There are plenty of issues with being a frequent traveler, but finding the right bag can be one of the most frustrating – and lead to one of the biggest addictions. Packing for multiple trips, especially back-to-back, can be a challenge, especially when they can vary due to climate, the type of event you’ll be attending, and factoring in specific equipment. In short, deciding what to pack is just as important as figuring out what you’re going to pack it all in.
For the globetrotters I’ve spoken with, there’s usually one secret ambition: we just want to carry one bag and be done with it. A simple request, you might think, but it gets more and more complicated as you run through the possibilities and requirements. For me, it has to be roomy enough to fit at least three to four days worth of clothes, an extra pair of shoes, toiletries, a 13 or 15-inch laptop, an iPad, a couple of phones, a power bank, camera with an extra lens, extra batteries, a gimbal, and last but not least a boatload of chargers and cables, preferably without them forming a rats’ nest of cables along the way.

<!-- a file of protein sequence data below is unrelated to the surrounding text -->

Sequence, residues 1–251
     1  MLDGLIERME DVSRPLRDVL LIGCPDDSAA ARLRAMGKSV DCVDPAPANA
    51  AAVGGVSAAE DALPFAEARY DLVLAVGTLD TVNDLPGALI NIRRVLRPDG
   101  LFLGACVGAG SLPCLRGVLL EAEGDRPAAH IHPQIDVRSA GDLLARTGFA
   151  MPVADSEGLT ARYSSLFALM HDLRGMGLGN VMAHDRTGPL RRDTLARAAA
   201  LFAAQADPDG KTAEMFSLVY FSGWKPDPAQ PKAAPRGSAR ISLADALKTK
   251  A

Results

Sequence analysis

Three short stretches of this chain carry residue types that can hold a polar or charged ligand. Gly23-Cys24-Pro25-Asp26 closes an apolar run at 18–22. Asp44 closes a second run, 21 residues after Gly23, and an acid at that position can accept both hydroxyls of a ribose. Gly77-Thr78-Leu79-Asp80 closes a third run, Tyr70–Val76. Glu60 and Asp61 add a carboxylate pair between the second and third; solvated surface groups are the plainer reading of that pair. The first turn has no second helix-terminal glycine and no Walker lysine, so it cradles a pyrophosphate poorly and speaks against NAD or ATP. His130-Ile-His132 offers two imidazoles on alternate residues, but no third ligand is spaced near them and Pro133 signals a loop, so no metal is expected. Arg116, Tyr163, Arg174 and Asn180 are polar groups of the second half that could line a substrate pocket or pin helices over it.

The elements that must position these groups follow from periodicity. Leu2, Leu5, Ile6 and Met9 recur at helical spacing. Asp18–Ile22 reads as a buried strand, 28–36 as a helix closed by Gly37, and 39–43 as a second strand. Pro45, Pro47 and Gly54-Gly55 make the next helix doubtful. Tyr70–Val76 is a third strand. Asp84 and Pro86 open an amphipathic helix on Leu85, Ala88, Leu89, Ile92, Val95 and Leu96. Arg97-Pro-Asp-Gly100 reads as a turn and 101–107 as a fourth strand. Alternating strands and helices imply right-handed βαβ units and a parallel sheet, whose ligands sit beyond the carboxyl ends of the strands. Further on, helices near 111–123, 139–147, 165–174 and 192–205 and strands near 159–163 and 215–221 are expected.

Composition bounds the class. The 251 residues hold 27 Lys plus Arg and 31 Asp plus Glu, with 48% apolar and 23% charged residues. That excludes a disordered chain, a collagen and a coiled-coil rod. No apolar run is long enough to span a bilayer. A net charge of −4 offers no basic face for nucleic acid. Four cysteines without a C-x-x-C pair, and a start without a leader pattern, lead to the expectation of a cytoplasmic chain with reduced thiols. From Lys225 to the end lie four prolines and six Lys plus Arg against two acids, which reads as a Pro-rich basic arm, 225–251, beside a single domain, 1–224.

Even that might seem manageable, but things get more complicated when you have to factor in space for a sports coat or two, a lightweight winter jacket, and heavier jeans. Then there’s expensive equipment – think camera lenses – all demanding extra protection.
As well as the luggage mainstays, countless crowdfunding projects have promised the “perfect” solution. I’ve tested many of them, too, ranging from $100, to $1200, as well as high-end bags from Tumi. In my experience, though, they all fall short in one area or another.
Some bags, such as the AER, Timbuktu, and Boundary, are perfect for a two-day trip, but simply won’t stretch to three or four days of international travel. The Mission Workshop Radian travel pack, meanwhile, can fit everything I need and then some, but the design doesn’t allow for quick access to my laptop or other accessories I need during the journey. The issue with these big volume bags isn’t that you can’t fit everything in them, it’s the massive weight you have to lug around.
The big “pain” point – pun intended – with carrying a bag over 35 pounds on your back is the considerable weight pulling down on your shoulders. Every single all-in-one travel bag I’ve tested either has cushions that are either too thin or too thick or more importantly they lack the rear back support to adequately offset the overall weight.